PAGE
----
INCLINE VILLAGE, Nev. - If your game is in the toilet, have I got some solutions for you.
First, find a beautiful course, preferably one you've never played. Hopefully, one where you're so distracted that you won't care what you shoot. Next: Change up your routine. Play a par 3 course. Compete in a team scramble. Find a different foursome where new conversations and new jokes make you laugh at the 9 iron you just sculled into the pond.
Bingo! These scenarios were lifesavers for me on a recent golf trip to Lake Tahoe. The horrible affliction of "golfer's elbow" has derailed my game going back at least six months. I can't swing without pain, and I'm playing poorly. That can suck the joy out of anybody's love of the game.
But I found respite in Lake Tahoe, which I'm sure happens regularly to those lucky enough to be there playing golf. Not only did I "survive" five rounds in three days, but I had the most fun I've had all year on the golf course. While the elbow is slowly getting better, I also think good times helped to mask the pain. Lake Tahoe is the kind of place that fosters healing, mentally and physically. Whether you're in Truckee or tiny Clio, the entire region is beyond beautiful, especially on the golf course. It's the kind of destination you visit down on your luck and leave high on life. I certainly did.
Day 1: A par 3 shootout at Incline Village
My new secret sauce for better golf? Play a team scramble ... on a par 3 course. After driving four hours, I stepped onto the second tee of the Mountain course at Incline Village and proceeded to stiff my first tee shot to four feet. No warm-up. No worries.
The Mountain course at Incline Village isn't your average par 3, either. It's kept in just as good of condition and plays just as tough, yard per yard, as the Championship course farther down the hill. It's a par 58 of 3,527 yards with four par 4s. You swing enough drivers (or fairway woods) to feel like you've played "real" golf. The ROI is a lower score, less money spent and less time spent than a regulation round.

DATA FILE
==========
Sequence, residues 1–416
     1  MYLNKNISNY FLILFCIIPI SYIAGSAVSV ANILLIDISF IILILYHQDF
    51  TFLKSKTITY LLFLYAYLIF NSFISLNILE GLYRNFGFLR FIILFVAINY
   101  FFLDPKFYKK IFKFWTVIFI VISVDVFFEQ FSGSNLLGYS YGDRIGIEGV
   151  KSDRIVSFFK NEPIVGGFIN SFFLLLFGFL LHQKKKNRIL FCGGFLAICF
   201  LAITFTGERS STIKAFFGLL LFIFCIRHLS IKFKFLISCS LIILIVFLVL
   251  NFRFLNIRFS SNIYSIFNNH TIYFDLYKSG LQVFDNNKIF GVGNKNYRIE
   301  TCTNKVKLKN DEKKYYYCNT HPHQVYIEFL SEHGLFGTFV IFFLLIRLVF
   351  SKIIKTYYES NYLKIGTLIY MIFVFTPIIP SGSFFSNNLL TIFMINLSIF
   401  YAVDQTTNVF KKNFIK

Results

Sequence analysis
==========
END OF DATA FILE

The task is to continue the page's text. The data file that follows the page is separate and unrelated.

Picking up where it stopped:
We celebrated my team's victory with dinner inside the clubhouse, where Wild Bill's BBQ makes its own sauces. Exhausted, it was nice to crash so close at the nearby Hyatt Regency Lake Tahoe Resort, Spa and Casino.
Day 2: A 36-hole bender in Truckee
Who says a sequel can't be as good - or better - than the original?
Last year my two-fer in Truckee was pretty good, playing Old Greenwood and Schaffer's Mill in a single day. This year's 36-hole Truckee marathon was equally inspiring: Coyote Moon in the morning, followed by Tahoe Donner in the afternoon.
Like a lot of people, I'm struggling to rank the best of Truckee. Coyote Moon might be the most scenic of the four I've played. It also rates as the most difficult. We played up a tee box, where the longer hitters of our group regularly had eagle putts on par 5s that played short from those tees. Beyond that, most of us struggled to shoot a solid score when faced with so many wild, uneven lies in the fairways. This is untamed mountainous terrain. The drop-shot 13th hole delivers the kind of par 3 you remember the rest of your life.
In between rounds, Smokey's Kitchen served up the rocket fuel necessary for more golf. Any restaurant serving BBQ and milkshakes gets six stars in my book.